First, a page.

I have found these guidelines to be very effective in my relationships. Even when i am working with my own mentors we take the time to discuss these guidelines as part of the goals for the relationship. In my next post on mentoring I will provide the guidelines to manage mentorship meetings for maximum results. Mentoring is one of my passions and years later it is great to look back and see how effective the times spent together resulted in incredible outcomes. I hope that by using this guideline others can have successful mentoring relationships also. I look forward to your comments.

Related Posts:
8 Rules to Maximize the Benefit of Mentorship
Hit Fast Forward and Leverage Mentorship

Sunday, February 22, 2009

I just got a new HP Mini

I just got the new HP Mini net-book after doing a lot of research on possible candidates for highly mobile laptop. In Hong Kong there is a large selection of net-book manufacturers and when I was researching this small form factor devices I found that they all had roughly the same features and were the same price range. After careful consideration I chose to go with the brand I was most comfortable with HP (they provide the machines for the office and the rest of my household).

The HP Mini is feature rich for its size and after testing the machine for some time these features were the deciding factors in my choice:
  • I Like the light weight and small form factor, that allows me to take this net-book where ever I go. The beauty is it isn't much bigger than an average book. I wanted was ultra portability after hauling a laptop around the Asia Pacific region every time I travel I recognized the importance of having as little weight as possible.- It has a nice keyboard. I am finding that the keys have a nice feel to them and am able to type easily. Many of the other net-books I tested did not have a nice of a feel especially when you "touch type".
  • The screen is 10.2 inches and is remarkably easy to read. The competition had a less "glossy" look to the screen and I was a bit worried about glare but have not had any issues.
  • The battery is a six cell model and should provide about five hours of usable time. I does stick out of the casing giving the net-book a slight angle when sitting on a table. I originally thought this would be a problem, however, the angle works well for table top typing.
I really look forward to the increased productivity brought on by the use of this small factor machine. I am writing this post on it now and expect to write many more. I definitely recommend the HP Mini series.

Sunday, February 15, 2009

There is Abundance Don't be Afraid to Share

Paul Zane Pilzer says that we should not look at our work as a scarcity of resources, one person's gain does not have to be someone else's loss. Success should be scene as an ever abundant, expanding pie with enough for everyone. If we are all working together for a common goal and we share our findings and abilities so that others can then expand their productivity we all benefit from the success.

I had an excellent project manager who worked from me a few years back, she produced a project summary document that was very good and it was quickly adopted throughout the organization. However this project manager was not happy and came to me to express her displeasure with everyone using her self developed tool. Now we would have developed a project summary document anyway. The summary would not have been nearly as nice or as easy to use as the one she developed; at the very least she got to continue to use her very effective solution rather than one created by committee. As many of you are aware the ones developed by committee are far more complicated and much less effective.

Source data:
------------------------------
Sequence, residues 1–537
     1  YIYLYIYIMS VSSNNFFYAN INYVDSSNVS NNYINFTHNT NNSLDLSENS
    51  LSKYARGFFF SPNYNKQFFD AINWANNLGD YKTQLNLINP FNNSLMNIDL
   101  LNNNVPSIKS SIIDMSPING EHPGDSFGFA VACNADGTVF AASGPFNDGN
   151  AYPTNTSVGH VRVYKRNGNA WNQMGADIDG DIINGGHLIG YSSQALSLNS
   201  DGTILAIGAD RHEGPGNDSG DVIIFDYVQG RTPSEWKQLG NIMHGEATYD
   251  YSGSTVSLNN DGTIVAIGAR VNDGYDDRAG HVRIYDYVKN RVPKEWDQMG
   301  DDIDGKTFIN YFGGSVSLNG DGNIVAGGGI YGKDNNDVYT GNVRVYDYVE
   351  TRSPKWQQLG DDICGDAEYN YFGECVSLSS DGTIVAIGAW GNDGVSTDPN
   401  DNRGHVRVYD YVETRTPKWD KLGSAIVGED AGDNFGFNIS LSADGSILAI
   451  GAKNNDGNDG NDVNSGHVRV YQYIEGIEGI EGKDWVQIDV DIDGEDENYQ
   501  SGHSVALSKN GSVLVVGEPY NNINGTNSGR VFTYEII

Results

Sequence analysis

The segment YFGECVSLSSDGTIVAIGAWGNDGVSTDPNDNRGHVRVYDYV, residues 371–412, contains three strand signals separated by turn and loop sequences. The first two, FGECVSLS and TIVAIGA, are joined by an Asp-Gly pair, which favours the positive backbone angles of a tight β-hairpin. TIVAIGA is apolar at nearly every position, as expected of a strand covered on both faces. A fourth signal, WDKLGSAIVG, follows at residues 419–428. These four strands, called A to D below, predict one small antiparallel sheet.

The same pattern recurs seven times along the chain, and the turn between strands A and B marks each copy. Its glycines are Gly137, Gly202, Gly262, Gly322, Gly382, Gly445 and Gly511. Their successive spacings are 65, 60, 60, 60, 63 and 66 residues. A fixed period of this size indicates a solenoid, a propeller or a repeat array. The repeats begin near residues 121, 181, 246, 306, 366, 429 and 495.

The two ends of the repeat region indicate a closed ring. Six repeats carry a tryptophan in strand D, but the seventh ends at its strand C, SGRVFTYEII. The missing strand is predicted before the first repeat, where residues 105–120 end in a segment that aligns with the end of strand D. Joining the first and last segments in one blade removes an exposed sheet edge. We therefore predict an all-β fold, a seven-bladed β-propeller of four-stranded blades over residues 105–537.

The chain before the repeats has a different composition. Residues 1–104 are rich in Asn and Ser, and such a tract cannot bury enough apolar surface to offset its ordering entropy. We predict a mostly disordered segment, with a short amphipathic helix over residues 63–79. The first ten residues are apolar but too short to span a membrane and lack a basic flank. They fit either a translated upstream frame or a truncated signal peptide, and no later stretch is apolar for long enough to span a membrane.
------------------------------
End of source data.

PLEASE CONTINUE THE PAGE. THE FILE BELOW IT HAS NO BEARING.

I happily explained that a solution was badly needed within the organization and we were using hers rather than assigning a committee to develop one and how I thought it was a great to see so many people using her summary document and getting great results. Unfortunately this project manger did not see it the same way, which was too bad because her knowledge and skills in delivering projects were outstanding. If our business and technology mangers adopted her techniques for project delivery it would have resulted in one of the more successful technology delivery organizations.

This project manager made a major contribution to the organization by showing the effectiveness of good project management and reporting. Why was she so upset? This was a win/win situation and everyone in the organization benefited. Rather than seeing abundance she only saw scarcity and pushed away other managers. Ultimately she left the organization and explained her departure saying that it was not a good fit for her. I was deeply disappointed to see her go, however, she was right: we wanted abundance from our managers and this did not fit her world view. Today I still keep in touch and she continues to manage projects as an individual contributor.

Abundance versus scarcity in the workplace, what are your views?

Sunday, February 08, 2009

8 Rules to Maximize the Benefit from Mentorship

In my previous post, Hit Fast Forward and Leverage Mentorship I said, "effective relationships happen when the mentee is actually initiating and driving the relationship with a set of personal goals in mind." I believe that high achievers need mentors; a mentor will help channel a high achiever's energy in the right directions, avoiding having to learn through the school of hard knocks. Mentoring provides a powerful resource for personal and professional growth by facilitating development through the sharing expertise, skills, perspectives, experience, and knowledge. To maximize the benefit of a mentorship relationship I recommend the following eight rules for the mentee: